The “Conscience Pile”: A Fascinating Display of Repentance at Petrified Forest National Park

A remarkable sight has been seen at Arizona’s Petrified Forest National Park, as tourists and visitors alike have been returning items that they have previously stolen from the Park.

Dubbed the “conscience pile,” this collection of rocks, minerals, and fossils is made up of items that have been taken from the Park and subsequently returned by visitors who realize that they have done something wrong.

Stolen Petrified Wood Being Returned to The Park

The items in the conscience pile are made up of petrified wood, fossils of trees over two hundred million years old, with their cells replaced by minerals of every color.

According to park officials, visitors have been prohibited from collecting petrified wood for years, with large signs near the park exits threatening vehicle inspections and hefty fines for offenders. However, a display in the visitor center warned that rocks were disappearing at a rate of twelve tons per year, meaning that soon none would remain for future generations. This led to an emotional appeal, as well as the suggestion of a ‘curse’ that would strike anyone who moved the petrified wood.

This phenomenon of returning stolen specimens has been documented in a book called “Bad Luck, Hot Rocks,” edited by artists Ryan Thompson and Phil Orr and published in November by The Ice Plant. The book contains more than fifty specimens from the conscience pile, along with some of the letters of apology that accompanied their return.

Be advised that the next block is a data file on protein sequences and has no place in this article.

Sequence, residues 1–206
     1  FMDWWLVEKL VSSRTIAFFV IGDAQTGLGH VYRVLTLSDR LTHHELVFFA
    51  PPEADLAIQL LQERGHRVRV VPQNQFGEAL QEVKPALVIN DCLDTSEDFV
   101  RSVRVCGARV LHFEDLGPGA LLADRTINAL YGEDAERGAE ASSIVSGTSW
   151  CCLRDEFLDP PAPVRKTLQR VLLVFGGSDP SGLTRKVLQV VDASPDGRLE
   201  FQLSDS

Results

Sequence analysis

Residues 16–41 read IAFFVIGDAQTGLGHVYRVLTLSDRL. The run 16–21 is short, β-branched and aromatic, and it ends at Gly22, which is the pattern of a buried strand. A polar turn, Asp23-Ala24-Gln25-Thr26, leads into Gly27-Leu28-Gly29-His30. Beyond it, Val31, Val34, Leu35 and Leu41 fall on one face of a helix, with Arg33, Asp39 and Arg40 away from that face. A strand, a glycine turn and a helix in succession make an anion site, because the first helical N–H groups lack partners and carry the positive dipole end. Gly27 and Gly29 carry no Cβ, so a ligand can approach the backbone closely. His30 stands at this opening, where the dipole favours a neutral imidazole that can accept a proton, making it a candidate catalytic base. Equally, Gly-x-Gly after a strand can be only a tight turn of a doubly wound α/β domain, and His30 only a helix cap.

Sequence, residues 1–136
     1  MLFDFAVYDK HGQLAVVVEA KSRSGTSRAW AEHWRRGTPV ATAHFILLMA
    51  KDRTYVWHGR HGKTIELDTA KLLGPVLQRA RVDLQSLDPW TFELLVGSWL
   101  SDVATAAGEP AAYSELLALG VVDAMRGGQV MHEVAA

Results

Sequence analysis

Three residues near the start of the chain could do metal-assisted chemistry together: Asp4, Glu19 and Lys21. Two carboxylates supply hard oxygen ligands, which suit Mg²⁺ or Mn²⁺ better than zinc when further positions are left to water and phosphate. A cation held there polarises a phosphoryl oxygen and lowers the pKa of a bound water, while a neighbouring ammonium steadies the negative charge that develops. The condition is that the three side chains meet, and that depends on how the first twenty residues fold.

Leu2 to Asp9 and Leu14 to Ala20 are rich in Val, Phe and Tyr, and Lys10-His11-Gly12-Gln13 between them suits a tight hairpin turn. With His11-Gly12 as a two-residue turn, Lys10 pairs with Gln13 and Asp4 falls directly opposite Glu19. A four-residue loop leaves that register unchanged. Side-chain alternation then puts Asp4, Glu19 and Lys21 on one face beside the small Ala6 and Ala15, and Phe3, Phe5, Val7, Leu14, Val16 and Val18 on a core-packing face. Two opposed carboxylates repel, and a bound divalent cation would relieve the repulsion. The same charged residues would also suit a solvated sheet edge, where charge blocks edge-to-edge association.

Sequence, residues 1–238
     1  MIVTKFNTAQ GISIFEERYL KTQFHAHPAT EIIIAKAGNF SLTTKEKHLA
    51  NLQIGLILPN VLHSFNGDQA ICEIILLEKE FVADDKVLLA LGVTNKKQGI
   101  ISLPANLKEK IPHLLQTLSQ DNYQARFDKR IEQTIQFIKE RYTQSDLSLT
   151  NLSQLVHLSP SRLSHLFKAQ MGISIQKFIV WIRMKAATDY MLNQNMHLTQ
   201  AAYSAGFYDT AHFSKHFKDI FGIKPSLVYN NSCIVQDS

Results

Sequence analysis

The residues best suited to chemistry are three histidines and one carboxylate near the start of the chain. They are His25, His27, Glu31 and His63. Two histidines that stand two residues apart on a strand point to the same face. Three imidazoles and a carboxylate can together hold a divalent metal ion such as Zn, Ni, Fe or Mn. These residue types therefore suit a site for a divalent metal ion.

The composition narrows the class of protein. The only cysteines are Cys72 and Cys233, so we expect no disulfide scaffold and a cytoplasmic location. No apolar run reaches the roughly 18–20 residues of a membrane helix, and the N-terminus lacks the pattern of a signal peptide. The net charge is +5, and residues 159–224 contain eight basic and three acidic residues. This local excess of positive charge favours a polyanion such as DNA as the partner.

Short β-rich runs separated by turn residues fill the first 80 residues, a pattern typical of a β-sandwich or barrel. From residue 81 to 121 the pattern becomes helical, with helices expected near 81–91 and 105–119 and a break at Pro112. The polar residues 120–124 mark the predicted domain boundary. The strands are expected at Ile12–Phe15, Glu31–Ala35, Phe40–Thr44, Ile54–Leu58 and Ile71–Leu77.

We earn a commission if you click this link and make a purchase at no additional cost to you.

The letters vary greatly in content and form. Some are written on stationery or letterhead, some are written in all capital letters, some contain detailed maps of the item’s original location, some are even accompanied by poems. Several are from women who tried to prevent their men from stealing the rocks, and who have felt bad ever since.

You can see all of the letters along with the specimens that they were sent with here on the the books website.

The book includes numerous letters from repentant thieves, expressing remorse for their actions and attributing any post-visit misfortunes to their stolen rocks. Matthew Smith, the curator of the park museum, has suggested that many of the rocks returned were not even taken from the Petrified Forest in the first place. In addition, because the provenance of the returned specimens is unknown, it is impossible to scatter the rocks back into the Park as it would spoil sites for research purposes.

The conscience pile is a unique reminder of humanity’s complicated relationship with geology, and serves as an inadvertent monument to people’s attempts to understand their glimpses into late Triassic times.

Share This Article With a Friend!

Love rocks? We do too!
Rock Seeker Club & Community
  • Online rock and mineral club for collectors of all levels!
  • Find community with like-minded rock and mineral enthusiasts.
  • Monthly Giveaways!
  • Free Access to Entire Digital Library of Products (annual memberships)
Join Now!